The message was clear and the call for action united as members of the Illinois Legislative Black Caucus gathered outside the Senate chamber to voice their response to Governor Rauner’s State of the State address.
The press conference began with ILBC Chair Kimberly Lightford giving opening remarks setting the stage for a number of initiatives important to the African-American community to be discussed, including education equity, restoring essential social services and police brutality and incarceration reform.
She then introduced Senator Donne Trotter to the podium.
I would like to stand before you and say, ‘Wow, wasn’t that a great speech,’” said Trotter, Chairman of the Senate Appropriations II Committee. “But I, along with my [fellow] members standing with me, was totally underwhelmed by the governors’ story… pointing the blame to the people who are suffering.”
The Black Caucus has continued to focus on social justice for needy children going without mental health services, struggling parents who have lost home care and the elderly who now have to consider high-cost nursing homes. The caucus fights for these causes while advocating for responsible fiscal management on behalf of state government without saddling these vulnerable populations with an undo financial burden.
“We were all created equal, but that does not mean we were all created equally as rich,” said Sen. Trotter. “We need the support of a governor who understands that, and is willing to lend a hand and direction and governorship to the cause.”
Rep. LaShawn K. Ford talked about the path to economic success, job innovation and a reduction in criminal activity as dependent upon Illinois students being prepared for the workforce – prepared to fill these highly competitive positions.
“We know that without funding community colleges, it is a direct attack on job readiness in the state of Illinois,” said Rep. Ford. He continued, “And we can reduce crime by putting people to work.”
The caucus believes reforming our K-12 education system to benefit all students and giving poorer students just as much of a chance at success as those in the wealthier suburbs is our only just path forward. Illinois can stay competitive with other states when it comes to higher education, but we cannot do it by taking away our state’s biggest tool – MAP grants.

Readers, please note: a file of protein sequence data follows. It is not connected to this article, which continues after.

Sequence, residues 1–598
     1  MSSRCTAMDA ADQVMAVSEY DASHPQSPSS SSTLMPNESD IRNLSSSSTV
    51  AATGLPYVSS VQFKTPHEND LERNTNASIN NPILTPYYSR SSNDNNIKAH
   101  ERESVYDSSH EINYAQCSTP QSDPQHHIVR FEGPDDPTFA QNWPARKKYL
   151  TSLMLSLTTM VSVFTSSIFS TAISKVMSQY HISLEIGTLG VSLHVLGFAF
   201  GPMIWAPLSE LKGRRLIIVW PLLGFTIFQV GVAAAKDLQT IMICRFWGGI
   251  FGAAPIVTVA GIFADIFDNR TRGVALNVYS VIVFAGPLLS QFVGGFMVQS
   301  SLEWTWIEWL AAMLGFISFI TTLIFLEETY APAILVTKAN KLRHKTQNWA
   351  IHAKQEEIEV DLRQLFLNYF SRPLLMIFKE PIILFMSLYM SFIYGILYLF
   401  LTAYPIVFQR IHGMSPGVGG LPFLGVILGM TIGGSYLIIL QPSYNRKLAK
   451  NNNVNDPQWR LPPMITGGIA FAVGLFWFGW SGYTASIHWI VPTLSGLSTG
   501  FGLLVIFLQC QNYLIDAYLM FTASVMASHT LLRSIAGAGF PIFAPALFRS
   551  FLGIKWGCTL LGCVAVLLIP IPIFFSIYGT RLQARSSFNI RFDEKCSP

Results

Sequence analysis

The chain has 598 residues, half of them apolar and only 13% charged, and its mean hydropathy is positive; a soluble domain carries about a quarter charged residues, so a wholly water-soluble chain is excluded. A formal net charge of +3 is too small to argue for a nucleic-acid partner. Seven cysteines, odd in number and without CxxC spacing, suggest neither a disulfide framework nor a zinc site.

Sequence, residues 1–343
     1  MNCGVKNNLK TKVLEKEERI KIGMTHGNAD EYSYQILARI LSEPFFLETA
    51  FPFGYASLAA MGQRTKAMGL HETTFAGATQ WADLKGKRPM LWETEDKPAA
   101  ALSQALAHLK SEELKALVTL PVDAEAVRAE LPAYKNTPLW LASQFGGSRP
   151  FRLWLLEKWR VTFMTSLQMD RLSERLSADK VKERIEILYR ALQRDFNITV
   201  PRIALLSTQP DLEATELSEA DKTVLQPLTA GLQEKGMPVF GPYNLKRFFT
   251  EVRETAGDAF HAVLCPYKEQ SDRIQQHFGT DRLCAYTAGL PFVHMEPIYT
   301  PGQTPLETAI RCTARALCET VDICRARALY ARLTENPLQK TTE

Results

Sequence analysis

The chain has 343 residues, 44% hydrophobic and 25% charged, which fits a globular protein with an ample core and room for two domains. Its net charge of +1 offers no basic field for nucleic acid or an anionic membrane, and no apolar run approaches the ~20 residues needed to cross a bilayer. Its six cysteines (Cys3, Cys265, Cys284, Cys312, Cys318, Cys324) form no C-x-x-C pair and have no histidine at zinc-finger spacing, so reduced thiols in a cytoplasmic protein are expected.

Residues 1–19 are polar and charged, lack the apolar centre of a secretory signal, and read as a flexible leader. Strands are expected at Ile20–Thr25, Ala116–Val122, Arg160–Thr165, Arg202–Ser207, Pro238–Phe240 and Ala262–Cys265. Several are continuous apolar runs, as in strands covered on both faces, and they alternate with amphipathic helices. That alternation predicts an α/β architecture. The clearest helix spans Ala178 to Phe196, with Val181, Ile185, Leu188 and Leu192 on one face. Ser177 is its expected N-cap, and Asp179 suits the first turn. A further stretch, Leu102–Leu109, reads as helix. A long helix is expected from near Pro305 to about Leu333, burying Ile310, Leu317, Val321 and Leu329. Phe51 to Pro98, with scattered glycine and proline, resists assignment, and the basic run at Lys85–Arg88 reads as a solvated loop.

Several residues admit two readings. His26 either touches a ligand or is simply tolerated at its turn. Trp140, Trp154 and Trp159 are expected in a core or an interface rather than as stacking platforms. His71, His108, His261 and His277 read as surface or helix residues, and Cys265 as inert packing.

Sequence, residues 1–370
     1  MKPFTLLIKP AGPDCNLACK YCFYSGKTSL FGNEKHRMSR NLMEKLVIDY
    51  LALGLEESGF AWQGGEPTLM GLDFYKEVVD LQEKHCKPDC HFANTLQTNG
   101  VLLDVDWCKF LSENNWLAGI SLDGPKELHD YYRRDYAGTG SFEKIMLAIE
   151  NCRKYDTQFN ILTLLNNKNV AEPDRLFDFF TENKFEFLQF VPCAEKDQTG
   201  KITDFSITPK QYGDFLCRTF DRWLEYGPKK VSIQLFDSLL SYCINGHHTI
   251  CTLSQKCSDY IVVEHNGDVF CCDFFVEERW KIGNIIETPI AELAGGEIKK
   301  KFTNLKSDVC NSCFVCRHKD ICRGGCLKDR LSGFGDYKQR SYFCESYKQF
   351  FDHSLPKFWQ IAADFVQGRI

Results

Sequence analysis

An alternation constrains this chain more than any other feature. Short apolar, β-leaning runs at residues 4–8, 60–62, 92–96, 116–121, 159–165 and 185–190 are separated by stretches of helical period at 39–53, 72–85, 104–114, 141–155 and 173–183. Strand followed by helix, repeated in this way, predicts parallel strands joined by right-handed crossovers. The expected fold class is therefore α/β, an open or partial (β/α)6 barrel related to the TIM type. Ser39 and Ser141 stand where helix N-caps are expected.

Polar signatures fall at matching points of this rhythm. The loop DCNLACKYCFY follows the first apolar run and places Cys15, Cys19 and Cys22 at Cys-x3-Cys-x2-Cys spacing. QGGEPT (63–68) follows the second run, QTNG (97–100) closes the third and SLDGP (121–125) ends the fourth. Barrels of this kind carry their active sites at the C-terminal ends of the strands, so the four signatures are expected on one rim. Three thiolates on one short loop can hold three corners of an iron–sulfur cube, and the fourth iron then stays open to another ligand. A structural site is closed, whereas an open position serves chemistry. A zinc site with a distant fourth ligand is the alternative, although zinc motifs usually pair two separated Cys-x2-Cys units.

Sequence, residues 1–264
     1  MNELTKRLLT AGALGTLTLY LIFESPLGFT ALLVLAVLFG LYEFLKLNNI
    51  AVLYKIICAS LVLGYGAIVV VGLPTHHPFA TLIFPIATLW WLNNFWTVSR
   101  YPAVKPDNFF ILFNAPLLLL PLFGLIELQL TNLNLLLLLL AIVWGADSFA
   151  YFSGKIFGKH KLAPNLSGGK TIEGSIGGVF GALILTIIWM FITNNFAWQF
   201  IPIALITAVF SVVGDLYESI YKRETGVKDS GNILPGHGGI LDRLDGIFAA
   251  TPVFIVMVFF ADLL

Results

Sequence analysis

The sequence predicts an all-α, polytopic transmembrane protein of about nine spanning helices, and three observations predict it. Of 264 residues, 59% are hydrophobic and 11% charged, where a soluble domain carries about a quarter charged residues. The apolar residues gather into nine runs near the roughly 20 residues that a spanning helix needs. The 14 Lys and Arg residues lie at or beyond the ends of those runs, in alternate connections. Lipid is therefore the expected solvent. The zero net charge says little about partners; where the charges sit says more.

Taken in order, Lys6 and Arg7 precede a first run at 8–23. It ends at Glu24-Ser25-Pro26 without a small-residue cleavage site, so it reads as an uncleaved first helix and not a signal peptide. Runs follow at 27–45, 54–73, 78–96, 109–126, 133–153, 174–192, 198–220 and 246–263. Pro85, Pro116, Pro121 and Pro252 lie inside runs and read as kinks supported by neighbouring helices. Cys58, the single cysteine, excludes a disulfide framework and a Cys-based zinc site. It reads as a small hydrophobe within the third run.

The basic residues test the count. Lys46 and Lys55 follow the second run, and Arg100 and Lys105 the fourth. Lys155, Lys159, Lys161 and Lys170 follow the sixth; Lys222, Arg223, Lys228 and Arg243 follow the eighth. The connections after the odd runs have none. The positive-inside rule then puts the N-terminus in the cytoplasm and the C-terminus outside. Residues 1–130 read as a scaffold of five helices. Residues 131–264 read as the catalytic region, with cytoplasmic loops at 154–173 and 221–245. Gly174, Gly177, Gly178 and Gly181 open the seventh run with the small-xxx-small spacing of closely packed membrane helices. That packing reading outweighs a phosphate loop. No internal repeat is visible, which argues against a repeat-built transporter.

“We need to make sure we are no longer playing games with those who have gotten MAP grants who could be the first generation in their family to go to college, helping their family grasp that wrung of economic opportunity. We need to end [the games] now,” said Mitchell. “And we need to fix the formula now. We need more funding for [K-12] public education.”
Rep. Sonya Harris spoke on the importance of senior care and their lack of assistance under this governor. Due to rising thresholds for service eligibility and staff cuts, there are many seniors who depend on Community Cares and other programs, who are finding themselves without proper care, such as medication monitoring and hot meals.
Rep. Welch pointed out that the caucus didn’t hear the governor talk about ways to keep our universities open to produce the talent we need to stay competitive, while Sen. Van Pelt strongly advocated for a stronger focus on police brutality that the governor did not lay out in his speech.
According to her, police brutality should be a primary concern for the governor, as well as prisoner reintegration, prevention programs and keeping our police accountable.
A sense of lost confidence among African Americans has left many in the community feeling unsure of how to engage the police forces sworn to protect them. Sen. Van Pelt introduced legislation addressing police misconduct records and public access to video and audio records of police encounters.
As the press conference closed, Senator Lightford summed up the Black Caucus’ feelings on the speech, which, according to them, lacked “scope” and “vision.”
“I’m in awe with governor’s speech. He absolutely said nothing to address the homelessness that has taken shape and our [lack of] affordable housing,” said Kimberly A. Lightford. “He said nothing about his lack of governing. In fact, he just spent a lot of time accusing everyone else for not doing their job, when in fact, he has done a lousy job as governor.”
Members of the ILBC speaking at the press conference included, Illinois Legislative Black Caucus Chair Senator Kimberly A. Lightford, Senator Donne Trotter, Representative LaShawn K. Ford, Representative Christian Mitchell, Representative Sonya Harper, Representative Chris Welch and Senator Patricia Van Pelt.